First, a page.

Government shutdown has little effect on local schools

Classes, Head Start programs get mainly state funds
2013-10-03T00:00:00Z Government shutdown has little effect on local schoolsLauren Foreman/ lforeman@lompocrecord.com Lompoc Record

Local education officials say schools and Head Start programs throughout the Central Coast will not experience the effects of a federal government shutdown that sent hundreds of thousands of federal employees home Tuesday.

Maggie White, spokeswoman for the Santa Maria-Bonita School District, said schools primarily receive state funding and would not experience an immediate impact.

She added that some programs receive federal government reimbursements such as the National School Lunch and School Breakfast Program.

“But we have enough cash on hand in our accounts to make any payments or pay any bills that those federally funded programs might incur,” White said.

Ed Cora, superintendent of the Guadalupe Union School District, said that most school programs are forward-funded — appropriations adopted earlier as part of the 2013 federal budget.

The Community Action Commission, a private nonprofit, maintains an array of services that include 25 Head Start programs for low-income residents throughout Santa Barbara County.

Fran Forman, executive director of the Community Action Commission (CAC), said 12 of those preschool programs, which use a combination of state, private and mostly federal funding, are located in Santa Maria.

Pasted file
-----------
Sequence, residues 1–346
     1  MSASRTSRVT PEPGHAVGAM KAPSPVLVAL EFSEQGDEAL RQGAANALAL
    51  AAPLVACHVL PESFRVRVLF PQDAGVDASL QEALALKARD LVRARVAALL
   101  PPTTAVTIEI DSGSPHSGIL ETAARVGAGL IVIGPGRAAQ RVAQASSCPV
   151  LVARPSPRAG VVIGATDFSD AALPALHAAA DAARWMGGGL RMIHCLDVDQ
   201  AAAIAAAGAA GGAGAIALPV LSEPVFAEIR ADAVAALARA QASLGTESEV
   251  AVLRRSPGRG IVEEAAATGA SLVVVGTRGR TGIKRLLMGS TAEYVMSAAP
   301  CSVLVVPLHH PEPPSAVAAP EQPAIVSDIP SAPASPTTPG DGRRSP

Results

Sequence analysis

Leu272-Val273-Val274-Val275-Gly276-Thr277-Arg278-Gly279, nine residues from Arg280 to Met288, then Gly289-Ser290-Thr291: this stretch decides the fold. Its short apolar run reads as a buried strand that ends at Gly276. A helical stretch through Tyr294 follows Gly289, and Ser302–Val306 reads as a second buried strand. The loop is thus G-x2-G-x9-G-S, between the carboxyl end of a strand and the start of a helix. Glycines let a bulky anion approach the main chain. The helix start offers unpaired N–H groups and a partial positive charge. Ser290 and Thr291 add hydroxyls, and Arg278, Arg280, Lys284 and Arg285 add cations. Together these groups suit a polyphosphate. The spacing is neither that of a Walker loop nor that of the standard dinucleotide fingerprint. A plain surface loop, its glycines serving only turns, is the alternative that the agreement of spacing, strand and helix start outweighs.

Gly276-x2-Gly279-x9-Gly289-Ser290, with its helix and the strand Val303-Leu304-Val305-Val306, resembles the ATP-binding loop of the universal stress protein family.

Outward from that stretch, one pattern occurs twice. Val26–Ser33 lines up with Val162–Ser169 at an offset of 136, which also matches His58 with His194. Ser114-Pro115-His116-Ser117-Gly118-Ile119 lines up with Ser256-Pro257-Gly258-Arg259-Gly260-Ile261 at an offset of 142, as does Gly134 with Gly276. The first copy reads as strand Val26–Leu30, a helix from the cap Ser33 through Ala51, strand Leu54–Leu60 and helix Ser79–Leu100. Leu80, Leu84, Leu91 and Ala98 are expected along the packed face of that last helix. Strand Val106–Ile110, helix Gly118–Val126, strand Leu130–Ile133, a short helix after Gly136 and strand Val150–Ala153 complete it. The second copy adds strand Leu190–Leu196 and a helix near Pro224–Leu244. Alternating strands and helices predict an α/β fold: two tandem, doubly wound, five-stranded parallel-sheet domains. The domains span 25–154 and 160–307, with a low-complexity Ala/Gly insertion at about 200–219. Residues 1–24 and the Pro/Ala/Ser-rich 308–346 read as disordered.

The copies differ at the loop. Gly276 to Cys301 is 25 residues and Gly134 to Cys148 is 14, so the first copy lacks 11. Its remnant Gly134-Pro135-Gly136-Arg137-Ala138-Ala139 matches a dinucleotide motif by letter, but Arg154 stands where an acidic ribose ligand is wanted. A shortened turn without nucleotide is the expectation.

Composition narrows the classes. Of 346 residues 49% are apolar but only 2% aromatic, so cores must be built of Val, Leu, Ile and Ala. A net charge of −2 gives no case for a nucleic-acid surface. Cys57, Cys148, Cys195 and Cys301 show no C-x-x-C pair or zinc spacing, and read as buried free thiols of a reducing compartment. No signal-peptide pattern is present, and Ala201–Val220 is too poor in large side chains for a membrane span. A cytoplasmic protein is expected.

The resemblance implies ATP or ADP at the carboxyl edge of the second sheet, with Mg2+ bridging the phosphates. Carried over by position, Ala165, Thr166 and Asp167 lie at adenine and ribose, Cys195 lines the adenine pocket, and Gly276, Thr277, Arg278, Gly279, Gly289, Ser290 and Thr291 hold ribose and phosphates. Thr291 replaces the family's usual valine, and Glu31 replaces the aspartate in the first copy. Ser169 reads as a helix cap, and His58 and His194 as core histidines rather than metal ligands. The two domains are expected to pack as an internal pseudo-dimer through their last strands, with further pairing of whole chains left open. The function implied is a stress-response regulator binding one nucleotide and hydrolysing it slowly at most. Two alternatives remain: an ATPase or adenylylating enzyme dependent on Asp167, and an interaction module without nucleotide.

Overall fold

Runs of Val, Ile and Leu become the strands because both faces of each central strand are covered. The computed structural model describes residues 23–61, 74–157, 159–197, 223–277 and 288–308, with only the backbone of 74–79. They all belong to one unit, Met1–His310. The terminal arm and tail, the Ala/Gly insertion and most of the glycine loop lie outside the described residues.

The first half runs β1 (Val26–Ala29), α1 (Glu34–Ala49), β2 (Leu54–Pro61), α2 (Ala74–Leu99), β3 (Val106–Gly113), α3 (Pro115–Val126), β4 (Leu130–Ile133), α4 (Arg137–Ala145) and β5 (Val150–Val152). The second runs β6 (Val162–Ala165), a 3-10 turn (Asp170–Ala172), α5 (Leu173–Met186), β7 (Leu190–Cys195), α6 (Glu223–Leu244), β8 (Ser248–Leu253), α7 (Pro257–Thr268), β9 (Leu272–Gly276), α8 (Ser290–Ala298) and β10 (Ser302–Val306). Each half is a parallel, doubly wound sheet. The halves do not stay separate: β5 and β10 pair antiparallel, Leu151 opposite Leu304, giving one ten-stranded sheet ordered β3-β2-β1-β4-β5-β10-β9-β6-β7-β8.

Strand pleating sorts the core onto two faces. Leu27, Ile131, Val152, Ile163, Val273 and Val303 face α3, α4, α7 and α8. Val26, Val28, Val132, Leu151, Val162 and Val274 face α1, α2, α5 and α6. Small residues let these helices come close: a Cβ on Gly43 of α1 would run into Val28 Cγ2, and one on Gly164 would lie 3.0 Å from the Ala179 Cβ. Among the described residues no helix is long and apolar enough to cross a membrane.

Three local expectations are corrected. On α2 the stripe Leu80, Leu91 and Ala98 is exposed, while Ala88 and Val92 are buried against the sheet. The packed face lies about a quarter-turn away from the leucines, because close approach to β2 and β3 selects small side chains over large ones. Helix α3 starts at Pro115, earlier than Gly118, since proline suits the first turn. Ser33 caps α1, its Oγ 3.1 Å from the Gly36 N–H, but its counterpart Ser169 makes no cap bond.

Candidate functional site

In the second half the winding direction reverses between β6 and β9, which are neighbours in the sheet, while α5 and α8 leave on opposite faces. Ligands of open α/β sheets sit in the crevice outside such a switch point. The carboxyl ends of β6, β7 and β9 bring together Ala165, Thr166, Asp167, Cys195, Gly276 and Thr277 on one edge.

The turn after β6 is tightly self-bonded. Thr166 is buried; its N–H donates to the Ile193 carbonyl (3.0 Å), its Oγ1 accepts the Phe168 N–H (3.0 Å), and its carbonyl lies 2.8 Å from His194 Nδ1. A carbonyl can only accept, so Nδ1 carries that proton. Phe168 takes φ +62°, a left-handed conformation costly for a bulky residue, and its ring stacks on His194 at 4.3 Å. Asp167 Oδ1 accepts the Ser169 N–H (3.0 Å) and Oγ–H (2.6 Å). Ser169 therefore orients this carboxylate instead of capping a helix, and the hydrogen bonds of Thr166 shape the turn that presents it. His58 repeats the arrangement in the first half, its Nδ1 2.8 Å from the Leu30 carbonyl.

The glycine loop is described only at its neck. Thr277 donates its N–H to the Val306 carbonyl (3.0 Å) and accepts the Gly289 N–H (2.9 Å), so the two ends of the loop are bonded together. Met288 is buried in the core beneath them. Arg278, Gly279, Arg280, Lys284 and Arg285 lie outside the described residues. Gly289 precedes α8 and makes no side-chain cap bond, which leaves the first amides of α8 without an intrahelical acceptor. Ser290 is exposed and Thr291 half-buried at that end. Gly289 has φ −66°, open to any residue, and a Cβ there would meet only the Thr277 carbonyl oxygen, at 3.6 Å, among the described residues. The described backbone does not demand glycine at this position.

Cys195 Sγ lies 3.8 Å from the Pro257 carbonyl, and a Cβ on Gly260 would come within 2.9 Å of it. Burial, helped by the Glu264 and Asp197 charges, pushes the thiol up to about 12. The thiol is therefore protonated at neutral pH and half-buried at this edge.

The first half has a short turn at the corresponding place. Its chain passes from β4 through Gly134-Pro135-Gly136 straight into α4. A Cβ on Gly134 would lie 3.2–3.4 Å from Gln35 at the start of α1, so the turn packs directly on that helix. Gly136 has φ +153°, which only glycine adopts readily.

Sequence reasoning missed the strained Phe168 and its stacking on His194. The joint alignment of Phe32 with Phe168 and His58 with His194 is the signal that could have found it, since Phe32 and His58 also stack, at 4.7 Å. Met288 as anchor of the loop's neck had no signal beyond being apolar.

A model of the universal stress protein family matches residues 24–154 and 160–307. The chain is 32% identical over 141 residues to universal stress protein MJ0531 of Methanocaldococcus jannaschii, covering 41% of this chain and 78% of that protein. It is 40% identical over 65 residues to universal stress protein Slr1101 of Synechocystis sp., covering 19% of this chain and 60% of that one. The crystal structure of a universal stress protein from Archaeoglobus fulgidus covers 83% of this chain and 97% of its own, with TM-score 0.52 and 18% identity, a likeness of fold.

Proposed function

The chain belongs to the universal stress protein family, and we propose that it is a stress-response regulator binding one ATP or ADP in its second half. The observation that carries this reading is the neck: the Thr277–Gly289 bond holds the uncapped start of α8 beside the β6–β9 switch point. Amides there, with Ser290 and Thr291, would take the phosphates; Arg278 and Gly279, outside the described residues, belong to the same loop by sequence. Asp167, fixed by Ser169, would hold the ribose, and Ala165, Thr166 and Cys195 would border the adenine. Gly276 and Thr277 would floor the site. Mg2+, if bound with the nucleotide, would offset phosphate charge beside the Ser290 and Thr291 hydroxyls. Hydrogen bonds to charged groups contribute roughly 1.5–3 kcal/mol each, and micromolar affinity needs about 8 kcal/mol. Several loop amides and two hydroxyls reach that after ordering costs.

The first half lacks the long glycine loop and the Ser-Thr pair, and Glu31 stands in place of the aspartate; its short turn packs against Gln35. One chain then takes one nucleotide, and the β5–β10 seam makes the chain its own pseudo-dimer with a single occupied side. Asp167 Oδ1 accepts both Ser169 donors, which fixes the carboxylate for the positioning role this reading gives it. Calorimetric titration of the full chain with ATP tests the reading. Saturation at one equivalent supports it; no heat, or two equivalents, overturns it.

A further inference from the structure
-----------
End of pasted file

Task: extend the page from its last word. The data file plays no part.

She said because the federal government allocates funding according to different fiscal calendars for different organizations and agencies, programs that do not have an Oct. 1 start date will more than likely bypass the effects of a federal government shutdown.

“We’re fortunate,” Forman said. “It’s affecting other programs much worse.”

She said as long as the federal government resolves the problem by December — the start of the fiscal year for CAC Head Start programs — the preschools will continue operating as they normally would.

Community Action Partnership of San Luis Obispo County (another nonprofit known as CAPSLO) operates Head Start programs in nine counties and two that serve Five Cities and Nipomo residents, said Chief Operating Officer Jim Famalette.

He said the fiscal year starts April 1, and the next federal funding allotment is August 2014.

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